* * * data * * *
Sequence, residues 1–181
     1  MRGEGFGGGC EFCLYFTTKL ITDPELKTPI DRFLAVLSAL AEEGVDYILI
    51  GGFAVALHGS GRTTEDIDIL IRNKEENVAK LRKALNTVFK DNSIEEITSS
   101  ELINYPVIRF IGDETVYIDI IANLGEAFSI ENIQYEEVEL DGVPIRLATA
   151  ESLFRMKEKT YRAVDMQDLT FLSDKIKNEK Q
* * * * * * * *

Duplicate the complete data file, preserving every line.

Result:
Sequence, residues 1–181
     1  MRGEGFGGGC EFCLYFTTKL ITDPELKTPI DRFLAVLSAL AEEGVDYILI
    51  GGFAVALHGS GRTTEDIDIL IRNKEENVAK LRKALNTVFK DNSIEEITSS
   101  ELINYPVIRF IGDETVYIDI IANLGEAFSI ENIQYEEVEL DGVPIRLATA
   151  ESLFRMKEKT YRAVDMQDLT FLSDKIKNEK Q